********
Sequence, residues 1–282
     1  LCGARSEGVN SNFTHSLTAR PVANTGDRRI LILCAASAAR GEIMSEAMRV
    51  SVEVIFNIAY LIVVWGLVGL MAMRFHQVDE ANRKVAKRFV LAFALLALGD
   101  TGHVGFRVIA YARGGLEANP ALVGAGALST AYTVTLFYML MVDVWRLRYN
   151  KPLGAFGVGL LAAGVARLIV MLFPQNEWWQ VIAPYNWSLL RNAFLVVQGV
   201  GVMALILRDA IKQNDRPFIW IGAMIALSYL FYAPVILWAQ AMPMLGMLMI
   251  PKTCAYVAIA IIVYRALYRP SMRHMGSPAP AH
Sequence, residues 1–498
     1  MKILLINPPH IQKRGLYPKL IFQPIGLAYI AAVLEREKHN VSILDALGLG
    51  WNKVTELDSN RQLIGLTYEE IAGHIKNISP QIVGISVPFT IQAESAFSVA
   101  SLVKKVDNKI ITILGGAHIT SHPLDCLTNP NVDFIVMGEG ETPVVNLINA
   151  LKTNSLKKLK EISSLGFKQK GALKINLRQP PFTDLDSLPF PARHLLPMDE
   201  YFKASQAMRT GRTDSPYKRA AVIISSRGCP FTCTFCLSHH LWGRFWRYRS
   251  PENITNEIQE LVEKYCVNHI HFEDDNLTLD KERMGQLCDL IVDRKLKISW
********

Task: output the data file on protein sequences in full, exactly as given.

Sequence, residues 1–282
     1  LCGARSEGVN SNFTHSLTAR PVANTGDRRI LILCAASAAR GEIMSEAMRV
    51  SVEVIFNIAY LIVVWGLVGL MAMRFHQVDE ANRKVAKRFV LAFALLALGD
   101  TGHVGFRVIA YARGGLEANP ALVGAGALST AYTVTLFYML MVDVWRLRYN
   151  KPLGAFGVGL LAAGVARLIV MLFPQNEWWQ VIAPYNWSLL RNAFLVVQGV
   201  GVMALILRDA IKQNDRPFIW IGAMIALSYL FYAPVILWAQ AMPMLGMLMI
   251  PKTCAYVAIA IIVYRALYRP SMRHMGSPAP AH
Sequence, residues 1–498
     1  MKILLINPPH IQKRGLYPKL IFQPIGLAYI AAVLEREKHN VSILDALGLG
    51  WNKVTELDSN RQLIGLTYEE IAGHIKNISP QIVGISVPFT IQAESAFSVA
   101  SLVKKVDNKI ITILGGAHIT SHPLDCLTNP NVDFIVMGEG ETPVVNLINA
   151  LKTNSLKKLK EISSLGFKQK GALKINLRQP PFTDLDSLPF PARHLLPMDE
   201  YFKASQAMRT GRTDSPYKRA AVIISSRGCP FTCTFCLSHH LWGRFWRYRS
   251  PENITNEIQE LVEKYCVNHI HFEDDNLTLD KERMGQLCDL IVDRKLKISW